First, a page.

"Kwowww"

On Tuesday evening, at 20.05hrs, I was taking out the rubbish, when I heard a call from south-west of the house. I froze, knowing what it was at once, but scarcely believing it. I had listened to this call on Xeno-Canto many times, getting ready for such a moment but not really considering it something that I would hear over the back garden. After 15 seconds the call came again from the blackness, now directly over head. Yes, there was no mistaking it! Another 20 seconds it called a third time - now further away to the north-east...

"Kwowww"

A lazy drawl, part bark, part yelp. A Bittern. Nocturnal flight-call.

I went back inside and played the call on Xeno Canto just to make sure that I had remembered everything correctly. I had. Bloody hell, a Bittern over suburban Banstead! And only a week after an Arctic Skua had blessed me just a mile or so away. Sometimes the birding Gods do smile on you. To some birders these two species are just small fry, mere starters to the main course, but for us inlanders (especially us dry inlanders) these are the stuff of dreams. Once upon a time I would have felt the same, but not now. My birding journey has ended up from where it started, that of being local, and all the better for it in some perverse way. I say perverse, because why would anybody willingly give up coastal hotspots or, at the very least, nearby sewage farms that have a track record of good birding? I don't really know. A sense of adventure? Discovery? Obstinate adherence to a 'green' way?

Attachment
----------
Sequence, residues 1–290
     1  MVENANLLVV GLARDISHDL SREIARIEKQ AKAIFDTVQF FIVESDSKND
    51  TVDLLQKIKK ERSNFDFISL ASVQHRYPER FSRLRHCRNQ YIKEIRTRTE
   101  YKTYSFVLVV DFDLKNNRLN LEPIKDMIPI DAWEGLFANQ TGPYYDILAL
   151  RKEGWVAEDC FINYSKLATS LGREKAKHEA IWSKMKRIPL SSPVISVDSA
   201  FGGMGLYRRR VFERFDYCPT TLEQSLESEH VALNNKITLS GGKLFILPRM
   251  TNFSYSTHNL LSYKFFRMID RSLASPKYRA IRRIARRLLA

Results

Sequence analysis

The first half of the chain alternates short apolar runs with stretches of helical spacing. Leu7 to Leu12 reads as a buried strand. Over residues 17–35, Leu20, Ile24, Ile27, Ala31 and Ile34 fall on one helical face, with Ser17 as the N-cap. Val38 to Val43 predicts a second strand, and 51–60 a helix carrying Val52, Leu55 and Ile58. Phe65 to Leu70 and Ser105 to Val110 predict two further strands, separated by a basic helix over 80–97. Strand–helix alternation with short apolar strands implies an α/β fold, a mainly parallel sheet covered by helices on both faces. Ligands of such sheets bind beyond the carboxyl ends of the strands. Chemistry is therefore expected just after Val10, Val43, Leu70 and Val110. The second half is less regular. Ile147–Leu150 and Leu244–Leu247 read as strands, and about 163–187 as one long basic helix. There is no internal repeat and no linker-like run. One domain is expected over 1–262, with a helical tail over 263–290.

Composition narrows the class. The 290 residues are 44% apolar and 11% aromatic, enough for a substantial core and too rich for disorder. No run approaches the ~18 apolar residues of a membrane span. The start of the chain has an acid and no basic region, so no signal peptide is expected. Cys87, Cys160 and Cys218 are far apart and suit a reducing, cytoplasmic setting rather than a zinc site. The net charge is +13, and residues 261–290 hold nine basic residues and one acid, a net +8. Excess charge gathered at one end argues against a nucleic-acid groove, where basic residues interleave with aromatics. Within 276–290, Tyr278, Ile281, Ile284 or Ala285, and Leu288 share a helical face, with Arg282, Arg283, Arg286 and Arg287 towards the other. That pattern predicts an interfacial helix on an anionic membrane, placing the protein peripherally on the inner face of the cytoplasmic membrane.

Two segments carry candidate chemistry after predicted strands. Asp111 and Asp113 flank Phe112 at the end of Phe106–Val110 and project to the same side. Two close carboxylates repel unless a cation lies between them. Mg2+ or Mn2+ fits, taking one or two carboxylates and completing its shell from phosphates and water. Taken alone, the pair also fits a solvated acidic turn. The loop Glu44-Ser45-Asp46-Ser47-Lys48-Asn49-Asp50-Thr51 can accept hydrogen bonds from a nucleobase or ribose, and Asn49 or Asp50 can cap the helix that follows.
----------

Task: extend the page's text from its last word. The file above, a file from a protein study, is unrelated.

So, within walking distance from my front door this year I have had the pleasure to see or hear a Bittern, an Arctic Skua, two Quail, a Ring Ouzel, ridiculous numbers of autumn passage Stonechats, five Dartford Warblers and a pocketful of Hawfinches. Not bad, not bad at all. It makes staying local rewarding. Yes, I'll admit to missing out on wildfowl and waders, but the odd trip off-piste can remedy that. It inspires and galvanises to carry on ploughing the local birding furrow, to go where most sane birders fear (or refuse) to tread. I wouldn't have picked such a path a few years ago, but maybe having spent time birding in the rarified heights can allow you to make such choices. It's not a case of 'been there, done that', more a matter of wanting to do something different.

2023? I'm already looking at the local OS maps, seeking out the next Canons Farm or Mogador. But with the odd visit to Beddington and Holmethorpe, to look at some wetland species as well.

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